Thursday, June 30, 2011

The Awesome Lab of Significant Science, and Stuff

A few years ago, I decided to name one of my laboratory rooms. This particular lab is a nice little room, conveniently located. In it, various members of my research group do mundane but essential research activities.

I decided to give this little room an Awesome Name: a long, formal, jargony name that indicated the simple tasks performed in this room in a very impressive way. I made a sign and stuck it on the door. I did it entirely to amuse myself. There was no other reason.

The weird thing is that, although my group had been doing these same basic research tasks with essentially the same equipment for years (with a few modern additions now and then), once the lab had an Awesome Name, I started getting queries from other people about using this lab. I even saw the stupid-joke name of the lab show up in proposals by others who used, or planned to use, this lab.

I never use this joke-name for the lab; in official and semi-official (web) listings of facilities, the lab has a boring, simple name that describes what we do there.

I saw the joke-name again recently in a proposal-related document, and now I wonder if I should take down the sign with the Awesome Name. The joke-name is so over-the-top obnoxious that anyone who doesn't 'get' the joke -- i.e., everyone but me and maybe one of my cats -- must surely think I am a pompous jerk rather than (or in addition to being) someone who makes jokes no one else thinks are funny.

I am fascinated by the fact that (1) so many people think this is a serious name, and (2) the lab got noticed more once it had an impressive-sounding name, albeit a really stupid one.

I have no good explanation for (2), and the most obvious explanation for the lack of humor-detection is that it's really not funny, but I wonder whether a tiny part of the explanation for this is that people don't expect humor -- even of the nerdy, strange sort -- in this setting.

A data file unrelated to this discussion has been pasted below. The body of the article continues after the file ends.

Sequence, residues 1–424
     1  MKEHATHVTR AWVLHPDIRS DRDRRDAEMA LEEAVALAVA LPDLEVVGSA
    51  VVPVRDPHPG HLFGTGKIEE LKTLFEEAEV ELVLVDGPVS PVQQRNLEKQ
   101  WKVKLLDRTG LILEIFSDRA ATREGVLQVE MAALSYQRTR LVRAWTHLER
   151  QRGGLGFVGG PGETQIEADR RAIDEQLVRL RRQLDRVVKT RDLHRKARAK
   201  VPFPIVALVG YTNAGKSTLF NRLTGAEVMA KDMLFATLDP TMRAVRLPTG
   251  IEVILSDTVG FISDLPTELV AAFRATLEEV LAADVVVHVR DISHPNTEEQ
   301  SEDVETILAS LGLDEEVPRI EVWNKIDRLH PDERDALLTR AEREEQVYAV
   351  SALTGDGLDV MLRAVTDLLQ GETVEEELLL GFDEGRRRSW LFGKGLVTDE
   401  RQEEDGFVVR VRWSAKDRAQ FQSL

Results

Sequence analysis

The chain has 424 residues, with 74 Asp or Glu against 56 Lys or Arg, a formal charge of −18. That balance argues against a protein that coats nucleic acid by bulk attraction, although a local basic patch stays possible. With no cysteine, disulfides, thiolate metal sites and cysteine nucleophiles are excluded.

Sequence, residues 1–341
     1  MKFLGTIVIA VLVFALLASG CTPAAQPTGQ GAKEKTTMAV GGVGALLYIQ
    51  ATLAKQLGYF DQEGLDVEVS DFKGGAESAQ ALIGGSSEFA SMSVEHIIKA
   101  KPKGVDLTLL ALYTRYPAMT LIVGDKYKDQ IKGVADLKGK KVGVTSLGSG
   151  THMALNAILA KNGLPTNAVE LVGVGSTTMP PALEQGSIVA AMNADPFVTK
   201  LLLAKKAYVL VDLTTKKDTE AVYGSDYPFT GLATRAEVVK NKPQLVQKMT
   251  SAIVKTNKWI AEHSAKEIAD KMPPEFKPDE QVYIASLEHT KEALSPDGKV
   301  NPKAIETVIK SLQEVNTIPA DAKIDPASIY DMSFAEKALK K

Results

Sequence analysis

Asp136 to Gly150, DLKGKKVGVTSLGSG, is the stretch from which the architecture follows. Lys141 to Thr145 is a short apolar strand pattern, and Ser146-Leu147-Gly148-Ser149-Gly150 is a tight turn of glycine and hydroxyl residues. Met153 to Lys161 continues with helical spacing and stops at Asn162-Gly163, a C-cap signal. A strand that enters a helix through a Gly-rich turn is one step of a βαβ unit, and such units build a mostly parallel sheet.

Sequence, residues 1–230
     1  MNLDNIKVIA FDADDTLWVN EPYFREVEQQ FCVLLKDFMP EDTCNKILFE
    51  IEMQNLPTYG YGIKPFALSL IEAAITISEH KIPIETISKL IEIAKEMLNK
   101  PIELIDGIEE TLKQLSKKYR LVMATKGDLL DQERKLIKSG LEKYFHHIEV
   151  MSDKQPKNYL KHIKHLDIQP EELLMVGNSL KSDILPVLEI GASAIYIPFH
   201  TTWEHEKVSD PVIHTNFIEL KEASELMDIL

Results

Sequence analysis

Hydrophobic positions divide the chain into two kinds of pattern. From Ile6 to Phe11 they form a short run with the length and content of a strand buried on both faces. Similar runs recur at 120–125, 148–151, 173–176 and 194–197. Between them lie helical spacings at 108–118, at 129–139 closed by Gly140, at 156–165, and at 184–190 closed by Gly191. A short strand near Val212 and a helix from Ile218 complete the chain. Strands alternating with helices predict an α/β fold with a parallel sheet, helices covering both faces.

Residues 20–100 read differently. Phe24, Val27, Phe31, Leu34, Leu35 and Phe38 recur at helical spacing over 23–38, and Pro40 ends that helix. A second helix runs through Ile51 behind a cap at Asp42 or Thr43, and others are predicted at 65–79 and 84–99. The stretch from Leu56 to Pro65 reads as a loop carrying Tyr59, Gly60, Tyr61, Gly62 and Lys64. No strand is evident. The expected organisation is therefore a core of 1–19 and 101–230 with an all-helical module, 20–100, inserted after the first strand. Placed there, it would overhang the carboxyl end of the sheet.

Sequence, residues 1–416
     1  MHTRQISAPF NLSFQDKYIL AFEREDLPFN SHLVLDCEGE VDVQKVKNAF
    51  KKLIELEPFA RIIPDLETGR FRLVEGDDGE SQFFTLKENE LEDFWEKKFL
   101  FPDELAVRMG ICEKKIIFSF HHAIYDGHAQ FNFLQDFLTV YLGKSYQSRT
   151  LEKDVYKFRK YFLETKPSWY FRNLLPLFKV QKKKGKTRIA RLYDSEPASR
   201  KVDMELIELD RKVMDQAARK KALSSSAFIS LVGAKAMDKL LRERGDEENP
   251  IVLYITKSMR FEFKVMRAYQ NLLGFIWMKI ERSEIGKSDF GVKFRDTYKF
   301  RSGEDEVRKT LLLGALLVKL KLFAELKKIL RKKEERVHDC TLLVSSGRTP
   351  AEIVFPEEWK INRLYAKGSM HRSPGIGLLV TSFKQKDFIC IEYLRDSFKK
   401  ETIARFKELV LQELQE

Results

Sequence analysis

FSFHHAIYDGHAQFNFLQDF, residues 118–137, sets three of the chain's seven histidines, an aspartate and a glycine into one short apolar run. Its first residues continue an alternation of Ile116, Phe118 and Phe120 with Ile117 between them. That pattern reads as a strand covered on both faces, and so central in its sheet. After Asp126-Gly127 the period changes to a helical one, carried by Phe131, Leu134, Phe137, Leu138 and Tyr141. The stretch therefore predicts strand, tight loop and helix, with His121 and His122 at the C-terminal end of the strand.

Does anyone else believe that? I know lots of people who give strange names to their Lab Machines and Computers, but these are typically obviously nicknames or the names aren't written down or, if they are, on some informal sign. Or maybe there is an inside jokey name that everyone knows. The Awesome Name of my lab room isn't obviously a joke (clearly) and therefore might be sort-of believable in a stereotypical 'academic' context, although it makes me a bit sad to think so.

In the case of my lab, maybe I shouldn't have pretended that it was a serious name, with a sign on the door for all to see (and write into their NSF proposals), but who knew people would take it seriously and notice it? Obviously, I did not.

Wednesday, June 29, 2011

He's Not Here

In this month's Catalyst piece in The Chronicle of Higher Education, to appear next week(ish), I discuss dual-career couples. As I was working on this essay, I decided to make headings of particular topics, and then I decided at some point to alphabetize the headings. Then I realized that I had quite a few headings, nearly the entire alphabet. Well, it was a quick leap from there to deciding to do a complete A to Z of dual-career couple topics; a framework that alternately pleases and disturbs me.

Anyway, that's what I did, and, because a certain annoying type of minor incident happened to me two (2) times today, I include here the relevant entry for the letter O*:

Offices. There are many nice things about being in a dual-career couple that has successfully landed two jobs in the same place. There are also continuing challenges, and minor annoyances. An example of the latter is when colleagues or students are looking for my spouse but can’t find him, so they come to my office and ask me where he is. Thus far, I have confined my responses to polite answers (most typically: “I have no idea”), but a few times I have looked under my desk and in a drawer, then announced “Well, he doesn’t seem to be here.” I have been tempted to get a leash and hold it up when asked the “Where is your husband?” question and say “Oh no! He’s off the leash again!”, but have not yet done so.

* This is the original text. An editor had a go at the text and changed a few minor things. For example, when it appears in The C of HE next week, the last phrase will appear as "Somehow I have resisted the urge".